You have to figure out how, because everyone's different and nobody in society as a whole owes you a damn thing.  Some people have to go for a run or find some other strenuous activity.  Some want a drink (but be careful with addling yourself; addiction is very bad news and very easy to have happen too.)  Some grab a camera or just a blanket and head to the beach or the woods.  Others retreat into a book, write computer software or in some other way stimulate their minds.  Figure out what your means of coping with life is and the devil(s) dancing around in your head -- the dirty not-so-secret is that we all have one or more -- and get it together.  Keep your **** together when you have to, cry if you need to when you're out of the immediate situation and then pull your crap together through whatever means you need to use and go on with life.

As for those in our "educational system" that have led our youth to this view of the world may you all burn in Hell where you belong, whether you're a principal, teacher or otherwise involved in this crap.  If I get the opportunity should you pass before I do I will***** on your grave and willingly take the indecent exposure charge for having done so.

You bastards and bitches did this through your own intentional and stupid acts so how about we rob your pension to cover the expense of fixing all these kids-now-adults you broke before they wind up raining down on our society -- and the entirety of our economy, including your pension fund, goes bankrupt for lack of young people willing and able to study calculus, say much less do a damn job without collapsing into a quivering emotional train-wreck the first time something doesn't go their way?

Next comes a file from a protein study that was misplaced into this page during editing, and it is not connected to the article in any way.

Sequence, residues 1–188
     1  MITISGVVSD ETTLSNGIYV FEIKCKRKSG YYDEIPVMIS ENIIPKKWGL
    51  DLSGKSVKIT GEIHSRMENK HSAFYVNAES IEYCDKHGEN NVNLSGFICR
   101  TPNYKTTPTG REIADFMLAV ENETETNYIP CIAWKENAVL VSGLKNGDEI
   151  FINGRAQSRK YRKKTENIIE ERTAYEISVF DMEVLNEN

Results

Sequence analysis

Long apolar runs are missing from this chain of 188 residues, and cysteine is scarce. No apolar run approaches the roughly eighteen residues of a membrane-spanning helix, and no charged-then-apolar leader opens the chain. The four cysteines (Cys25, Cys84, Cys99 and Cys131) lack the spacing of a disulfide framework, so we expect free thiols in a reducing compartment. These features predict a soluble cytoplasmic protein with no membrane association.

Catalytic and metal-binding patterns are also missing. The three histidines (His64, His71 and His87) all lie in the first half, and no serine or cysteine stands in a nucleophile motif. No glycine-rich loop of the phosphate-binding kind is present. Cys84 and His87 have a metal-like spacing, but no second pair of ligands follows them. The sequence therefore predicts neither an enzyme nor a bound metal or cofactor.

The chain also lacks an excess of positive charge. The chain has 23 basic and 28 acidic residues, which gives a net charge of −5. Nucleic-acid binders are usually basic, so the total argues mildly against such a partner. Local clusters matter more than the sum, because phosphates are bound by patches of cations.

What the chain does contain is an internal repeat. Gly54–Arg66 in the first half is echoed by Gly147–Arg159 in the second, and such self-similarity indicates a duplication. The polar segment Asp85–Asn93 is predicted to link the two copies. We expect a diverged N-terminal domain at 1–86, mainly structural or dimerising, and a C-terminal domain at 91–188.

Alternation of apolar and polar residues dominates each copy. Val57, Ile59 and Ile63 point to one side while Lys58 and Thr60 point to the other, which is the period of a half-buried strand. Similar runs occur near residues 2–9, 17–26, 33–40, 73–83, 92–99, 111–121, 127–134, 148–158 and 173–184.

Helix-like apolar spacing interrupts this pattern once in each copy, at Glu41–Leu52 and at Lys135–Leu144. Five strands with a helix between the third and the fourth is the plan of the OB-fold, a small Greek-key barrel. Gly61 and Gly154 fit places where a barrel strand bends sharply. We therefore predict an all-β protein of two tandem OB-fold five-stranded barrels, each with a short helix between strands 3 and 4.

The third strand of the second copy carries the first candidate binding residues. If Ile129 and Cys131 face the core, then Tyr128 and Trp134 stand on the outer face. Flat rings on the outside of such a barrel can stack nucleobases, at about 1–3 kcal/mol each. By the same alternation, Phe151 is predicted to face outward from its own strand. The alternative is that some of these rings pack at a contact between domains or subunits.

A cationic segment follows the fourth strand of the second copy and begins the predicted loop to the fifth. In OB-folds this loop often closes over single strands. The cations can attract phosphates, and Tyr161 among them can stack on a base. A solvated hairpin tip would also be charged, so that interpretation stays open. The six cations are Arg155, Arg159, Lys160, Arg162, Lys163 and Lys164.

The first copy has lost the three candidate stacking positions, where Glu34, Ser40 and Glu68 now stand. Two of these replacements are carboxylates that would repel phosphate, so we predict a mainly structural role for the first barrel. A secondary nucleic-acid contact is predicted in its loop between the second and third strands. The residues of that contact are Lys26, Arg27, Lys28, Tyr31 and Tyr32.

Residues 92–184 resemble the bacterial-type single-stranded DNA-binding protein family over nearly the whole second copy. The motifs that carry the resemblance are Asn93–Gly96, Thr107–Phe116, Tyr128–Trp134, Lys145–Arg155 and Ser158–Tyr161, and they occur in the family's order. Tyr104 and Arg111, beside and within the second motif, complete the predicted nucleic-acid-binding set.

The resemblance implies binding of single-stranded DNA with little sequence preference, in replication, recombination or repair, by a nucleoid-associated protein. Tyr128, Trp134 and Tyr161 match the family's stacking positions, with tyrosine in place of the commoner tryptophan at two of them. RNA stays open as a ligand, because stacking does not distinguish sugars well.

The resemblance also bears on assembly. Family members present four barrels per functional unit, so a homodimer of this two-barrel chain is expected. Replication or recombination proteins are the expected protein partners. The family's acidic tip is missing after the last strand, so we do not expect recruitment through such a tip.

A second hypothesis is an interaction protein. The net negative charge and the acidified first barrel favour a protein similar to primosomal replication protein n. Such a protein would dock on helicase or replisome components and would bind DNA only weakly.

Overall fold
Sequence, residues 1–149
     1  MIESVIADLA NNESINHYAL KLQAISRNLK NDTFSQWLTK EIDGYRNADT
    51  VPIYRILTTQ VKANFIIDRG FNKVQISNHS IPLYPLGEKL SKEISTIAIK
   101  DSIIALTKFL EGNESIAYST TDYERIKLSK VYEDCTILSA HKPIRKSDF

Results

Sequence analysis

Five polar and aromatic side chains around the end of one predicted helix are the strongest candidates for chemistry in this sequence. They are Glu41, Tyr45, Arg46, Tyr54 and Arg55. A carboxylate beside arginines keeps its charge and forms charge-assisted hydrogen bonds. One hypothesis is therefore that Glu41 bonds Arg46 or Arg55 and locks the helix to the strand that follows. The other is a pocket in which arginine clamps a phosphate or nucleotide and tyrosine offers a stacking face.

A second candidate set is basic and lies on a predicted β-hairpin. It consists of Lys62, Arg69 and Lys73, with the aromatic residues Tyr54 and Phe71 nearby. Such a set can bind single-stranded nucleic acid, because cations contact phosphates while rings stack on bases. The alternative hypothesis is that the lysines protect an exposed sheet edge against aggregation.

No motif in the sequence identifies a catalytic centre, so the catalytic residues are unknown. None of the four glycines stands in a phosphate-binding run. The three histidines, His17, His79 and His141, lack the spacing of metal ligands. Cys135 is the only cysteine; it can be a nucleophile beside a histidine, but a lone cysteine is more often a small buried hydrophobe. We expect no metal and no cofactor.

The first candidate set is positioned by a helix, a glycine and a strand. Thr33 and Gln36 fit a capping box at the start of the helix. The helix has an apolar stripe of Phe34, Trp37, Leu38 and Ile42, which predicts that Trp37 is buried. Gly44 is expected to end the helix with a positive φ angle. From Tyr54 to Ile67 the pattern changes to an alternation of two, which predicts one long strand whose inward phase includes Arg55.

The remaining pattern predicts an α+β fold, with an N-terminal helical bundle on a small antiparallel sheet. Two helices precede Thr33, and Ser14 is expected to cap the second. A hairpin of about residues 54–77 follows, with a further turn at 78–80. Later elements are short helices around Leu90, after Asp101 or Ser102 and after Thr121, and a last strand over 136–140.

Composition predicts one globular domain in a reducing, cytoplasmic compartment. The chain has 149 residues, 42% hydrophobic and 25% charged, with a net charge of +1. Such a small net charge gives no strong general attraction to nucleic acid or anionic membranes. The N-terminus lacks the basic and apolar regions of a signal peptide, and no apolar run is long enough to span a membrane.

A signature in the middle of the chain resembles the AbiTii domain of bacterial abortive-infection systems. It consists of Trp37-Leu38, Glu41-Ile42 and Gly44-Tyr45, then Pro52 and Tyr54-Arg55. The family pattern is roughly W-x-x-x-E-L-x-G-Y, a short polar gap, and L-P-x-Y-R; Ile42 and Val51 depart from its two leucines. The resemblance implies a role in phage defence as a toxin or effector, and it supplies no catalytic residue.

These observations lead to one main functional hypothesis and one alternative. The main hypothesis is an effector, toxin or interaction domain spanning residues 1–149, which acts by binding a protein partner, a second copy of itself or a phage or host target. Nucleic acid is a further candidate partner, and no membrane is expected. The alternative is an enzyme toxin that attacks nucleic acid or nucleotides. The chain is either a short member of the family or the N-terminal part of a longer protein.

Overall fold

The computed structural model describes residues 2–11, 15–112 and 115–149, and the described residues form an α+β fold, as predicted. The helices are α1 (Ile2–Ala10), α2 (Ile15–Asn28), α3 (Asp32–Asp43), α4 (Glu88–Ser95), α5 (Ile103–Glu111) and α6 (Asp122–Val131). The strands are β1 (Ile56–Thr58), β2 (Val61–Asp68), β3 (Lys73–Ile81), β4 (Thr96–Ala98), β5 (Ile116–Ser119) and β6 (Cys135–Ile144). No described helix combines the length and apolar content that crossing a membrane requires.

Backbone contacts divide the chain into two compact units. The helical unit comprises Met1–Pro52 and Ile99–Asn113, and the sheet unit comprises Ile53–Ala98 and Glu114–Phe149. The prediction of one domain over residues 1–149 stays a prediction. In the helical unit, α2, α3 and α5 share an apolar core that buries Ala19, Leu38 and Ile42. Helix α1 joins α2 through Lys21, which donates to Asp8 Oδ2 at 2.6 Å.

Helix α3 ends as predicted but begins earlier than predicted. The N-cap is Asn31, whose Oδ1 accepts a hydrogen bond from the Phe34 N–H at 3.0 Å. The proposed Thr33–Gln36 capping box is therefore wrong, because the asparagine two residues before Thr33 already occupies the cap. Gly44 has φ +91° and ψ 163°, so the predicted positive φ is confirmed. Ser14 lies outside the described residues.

As for the parents who have failed to stand up and demand this crap stop throughout our society: If you get eaten down the road as a result you deserve it.

The BBQ sauce is on me.

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But remember, they deserve the respect of not only students but also parents in all cases...

OKEMAH, Okla. -- A 4-year-old was allegedly forced by his teacher to write with his right hand, even though he’s left-handed.

The child was sent home with a letter about how left-handedness is often associated with evil and the devil.